By Tracy Seipel: San Jose Mercury News
High-Speed Rail Authority confirms engineering challenges, but push to
go underground won’t die. Add one more to the ever-expanding list of problems facing California’s grand plan for high-speed rail: It can’t go underground in San Jose, the backers of the system say.
Concepts of a station and track alignment for high-speed rail at the Diridon site in downtown San Jose. (California High Speed Rail Authority and Newlands & Company, Inc (NC3D)) Courtesy San Jose Mercury News
Echoing previous studies, a report released Monday by the California High-Speed Rail Authority concluded that there is no viable tunnel option to accommodate high-speed trains below downtown’s Diridon Station. Continue reading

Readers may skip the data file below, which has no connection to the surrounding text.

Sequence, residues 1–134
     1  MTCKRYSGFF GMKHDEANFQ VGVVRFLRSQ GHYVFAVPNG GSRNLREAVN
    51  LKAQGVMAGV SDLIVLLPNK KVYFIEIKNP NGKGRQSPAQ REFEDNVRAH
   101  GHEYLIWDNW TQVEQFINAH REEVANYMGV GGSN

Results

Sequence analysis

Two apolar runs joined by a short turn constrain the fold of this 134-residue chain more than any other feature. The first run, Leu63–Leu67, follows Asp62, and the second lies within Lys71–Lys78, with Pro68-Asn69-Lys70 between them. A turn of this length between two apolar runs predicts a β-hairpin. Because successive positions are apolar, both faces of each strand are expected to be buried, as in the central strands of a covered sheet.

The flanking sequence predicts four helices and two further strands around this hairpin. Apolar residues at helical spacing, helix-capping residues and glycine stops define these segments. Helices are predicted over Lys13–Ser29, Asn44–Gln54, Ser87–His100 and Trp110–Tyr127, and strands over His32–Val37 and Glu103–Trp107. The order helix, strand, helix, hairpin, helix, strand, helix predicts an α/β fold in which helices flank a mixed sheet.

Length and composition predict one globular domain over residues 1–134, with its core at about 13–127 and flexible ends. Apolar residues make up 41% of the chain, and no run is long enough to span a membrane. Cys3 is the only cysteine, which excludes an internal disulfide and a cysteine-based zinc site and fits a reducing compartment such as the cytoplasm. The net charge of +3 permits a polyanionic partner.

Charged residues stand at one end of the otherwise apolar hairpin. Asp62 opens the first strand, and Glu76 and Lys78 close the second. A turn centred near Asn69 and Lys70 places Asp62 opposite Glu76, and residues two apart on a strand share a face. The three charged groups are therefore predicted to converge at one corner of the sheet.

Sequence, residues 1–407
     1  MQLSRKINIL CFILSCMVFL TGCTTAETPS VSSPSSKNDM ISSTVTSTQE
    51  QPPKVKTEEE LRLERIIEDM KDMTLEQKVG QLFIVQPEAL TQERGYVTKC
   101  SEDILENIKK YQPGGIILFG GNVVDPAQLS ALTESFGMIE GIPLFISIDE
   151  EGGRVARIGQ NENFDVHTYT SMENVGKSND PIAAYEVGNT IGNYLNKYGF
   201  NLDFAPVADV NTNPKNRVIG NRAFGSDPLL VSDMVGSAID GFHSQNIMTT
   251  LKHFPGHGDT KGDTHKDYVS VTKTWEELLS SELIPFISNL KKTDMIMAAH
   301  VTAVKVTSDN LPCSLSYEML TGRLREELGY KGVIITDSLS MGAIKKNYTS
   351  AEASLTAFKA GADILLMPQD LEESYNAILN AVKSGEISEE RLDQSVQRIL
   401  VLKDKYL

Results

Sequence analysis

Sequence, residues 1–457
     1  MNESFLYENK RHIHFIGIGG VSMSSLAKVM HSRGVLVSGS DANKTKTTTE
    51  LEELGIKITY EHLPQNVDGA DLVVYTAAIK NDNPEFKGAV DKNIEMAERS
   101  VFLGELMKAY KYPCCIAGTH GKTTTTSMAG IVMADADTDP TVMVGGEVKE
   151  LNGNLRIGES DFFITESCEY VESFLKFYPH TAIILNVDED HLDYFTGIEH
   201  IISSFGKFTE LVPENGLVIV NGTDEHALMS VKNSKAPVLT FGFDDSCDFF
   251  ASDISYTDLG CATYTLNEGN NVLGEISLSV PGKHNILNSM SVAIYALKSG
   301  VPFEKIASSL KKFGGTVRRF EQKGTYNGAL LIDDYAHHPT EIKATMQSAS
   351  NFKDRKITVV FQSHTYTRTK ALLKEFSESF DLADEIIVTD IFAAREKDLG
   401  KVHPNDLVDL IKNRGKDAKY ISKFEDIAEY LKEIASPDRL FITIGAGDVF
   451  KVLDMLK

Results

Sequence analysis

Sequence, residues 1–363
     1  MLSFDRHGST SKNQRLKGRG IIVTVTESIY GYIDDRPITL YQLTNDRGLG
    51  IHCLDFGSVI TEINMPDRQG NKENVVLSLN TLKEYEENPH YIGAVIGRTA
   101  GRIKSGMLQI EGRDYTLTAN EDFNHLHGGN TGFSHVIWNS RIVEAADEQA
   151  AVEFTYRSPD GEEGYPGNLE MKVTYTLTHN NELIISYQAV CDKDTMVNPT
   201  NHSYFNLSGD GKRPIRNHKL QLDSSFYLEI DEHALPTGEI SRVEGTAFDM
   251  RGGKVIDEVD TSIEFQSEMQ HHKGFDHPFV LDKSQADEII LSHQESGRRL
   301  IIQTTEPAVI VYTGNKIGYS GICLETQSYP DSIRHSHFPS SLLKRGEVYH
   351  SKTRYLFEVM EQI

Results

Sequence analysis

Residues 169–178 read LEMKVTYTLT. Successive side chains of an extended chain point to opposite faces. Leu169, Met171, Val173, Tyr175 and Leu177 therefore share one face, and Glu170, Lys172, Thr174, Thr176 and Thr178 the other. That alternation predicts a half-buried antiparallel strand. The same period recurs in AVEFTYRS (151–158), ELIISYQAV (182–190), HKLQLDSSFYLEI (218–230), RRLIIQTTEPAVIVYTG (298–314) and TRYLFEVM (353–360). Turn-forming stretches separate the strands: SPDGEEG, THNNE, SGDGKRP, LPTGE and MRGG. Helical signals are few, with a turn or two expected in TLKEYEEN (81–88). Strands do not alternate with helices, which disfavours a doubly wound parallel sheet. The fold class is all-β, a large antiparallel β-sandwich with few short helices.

San Jose Mercury News, 2011-11-11
By Mike Rosenberg
Once again, a judge on Thursday ordered the state to scrap its plans to zip high-speed trains from Gilroy to San Jose and up the Peninsula, saying officials failed to show how the massive route would harm local traffic and homes.
An artist's rendering of the proposed high-speed rail line station_Courtesy LA Times
Even so, the California High-Speed Rail Authority signaled it would reapprove the route along the Caltrain corridor after completing more studies to appease the judge. That could trigger yet another lawsuit, extending a three-year long legal battle against the polarizing $99 billion bullet train project.
The cities of Palo Alto, Menlo Park and Atherton don’t want the elevated tracks to divide their communities, create an eyesore and lower property values. So they sued in October 2010 to ax the Bay Area route for the San Francisco-to-Los Angeles line. They prefer a railroad that would run through the East Bay and across the Dumbarton Bridge to San Francisco. Continue reading